Jingle Writer Salary and Career Facts
Jingle writers are songwriters who write short, catchy tunes for commercials. Read on to find out what type of music programs can help to prepare you for this type of work, as well as information about skills and salary. Schools offering Ethnomusicology degrees can also be found in these popular choices.
What Education Do I Need to Be a Jingle Writer?
Locating degree programs that specialize in jingle writing may be difficult; some community colleges and music conservatories may have music-based programs that can help you get started. Certificate programs in music business or music industry studies focus on the entrepreneurial aspect of the industry; these programs may include courses in songwriting, music production and the legal aspects of the music business.
You may be able to locate associate's degree programs in commercial music, which might help you understand the music business, acquire business management skills and learn how to promote your work. Courses may cover music theory, commercial song arrangements, business law and basic musicianship.
Bachelor's degree programs in commercial music include performance-based courses within the curriculum. You may also study songwriting, ear training, song arrangement and digital music composition. You'll be required to give an audition on the instrument of your choice for admission into most bachelor's programs.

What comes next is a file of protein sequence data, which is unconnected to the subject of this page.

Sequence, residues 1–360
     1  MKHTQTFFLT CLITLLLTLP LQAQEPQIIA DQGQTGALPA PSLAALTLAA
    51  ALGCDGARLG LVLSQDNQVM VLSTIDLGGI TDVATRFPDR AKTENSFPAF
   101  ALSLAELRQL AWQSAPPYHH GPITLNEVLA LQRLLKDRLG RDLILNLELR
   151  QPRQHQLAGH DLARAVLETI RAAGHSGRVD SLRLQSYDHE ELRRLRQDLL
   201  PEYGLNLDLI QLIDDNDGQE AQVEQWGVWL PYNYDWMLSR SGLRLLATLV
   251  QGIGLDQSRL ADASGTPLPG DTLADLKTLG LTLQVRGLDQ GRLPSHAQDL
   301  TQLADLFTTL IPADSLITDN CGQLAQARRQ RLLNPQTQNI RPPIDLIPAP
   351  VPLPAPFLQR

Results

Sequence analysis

What Skills Do I Need?
Because jingle writers are considered songwriters, you must have strong song composition capabilities. Most clients want you to produce fun and catchy songs for radio or television that people will remember, according to December 2010 job postings on iFreelance.com.
You may also be competing with other jingle writers to land jobs, so you must be able to follow directions precisely to ensure you produce the highest-quality jingles for your clients. According to the Berklee College of Music, jingle writers need solid music arrangement skills and should have a vast knowledge of different music styles and genres (www.berklee.edu). Strong communication skills and the ability to succinctly convey a client's message may also help you find work as a jingle writer.
What Salary Might I Expect?
Compensation for jingle writers may vary by state and scope of project. According to the U.S. Bureau of Labor Statistics (BLS), composers - some of whom may write jingles - earned a median hourly wage of $21.68 in 2009 (www.bls.gov).
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